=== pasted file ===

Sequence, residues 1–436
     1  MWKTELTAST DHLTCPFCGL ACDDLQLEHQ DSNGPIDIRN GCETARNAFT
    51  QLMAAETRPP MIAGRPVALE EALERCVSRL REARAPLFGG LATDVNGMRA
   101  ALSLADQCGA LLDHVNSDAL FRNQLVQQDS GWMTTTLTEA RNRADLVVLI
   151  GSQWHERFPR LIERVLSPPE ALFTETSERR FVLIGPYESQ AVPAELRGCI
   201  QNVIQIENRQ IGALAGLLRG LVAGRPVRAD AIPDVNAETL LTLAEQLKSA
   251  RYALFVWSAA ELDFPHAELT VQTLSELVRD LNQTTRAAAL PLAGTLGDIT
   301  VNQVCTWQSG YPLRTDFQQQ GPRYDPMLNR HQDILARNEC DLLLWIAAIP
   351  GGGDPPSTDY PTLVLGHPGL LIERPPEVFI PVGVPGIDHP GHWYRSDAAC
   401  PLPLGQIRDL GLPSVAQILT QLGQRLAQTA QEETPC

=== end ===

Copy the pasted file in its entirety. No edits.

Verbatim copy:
Sequence, residues 1–436
     1  MWKTELTAST DHLTCPFCGL ACDDLQLEHQ DSNGPIDIRN GCETARNAFT
    51  QLMAAETRPP MIAGRPVALE EALERCVSRL REARAPLFGG LATDVNGMRA
   101  ALSLADQCGA LLDHVNSDAL FRNQLVQQDS GWMTTTLTEA RNRADLVVLI
   151  GSQWHERFPR LIERVLSPPE ALFTETSERR FVLIGPYESQ AVPAELRGCI
   201  QNVIQIENRQ IGALAGLLRG LVAGRPVRAD AIPDVNAETL LTLAEQLKSA
   251  RYALFVWSAA ELDFPHAELT VQTLSELVRD LNQTTRAAAL PLAGTLGDIT
   301  VNQVCTWQSG YPLRTDFQQQ GPRYDPMLNR HQDILARNEC DLLLWIAAIP
   351  GGGDPPSTDY PTLVLGHPGL LIERPPEVFI PVGVPGIDHP GHWYRSDAAC
   401  PLPLGQIRDL GLPSVAQILT QLGQRLAQTA QEETPC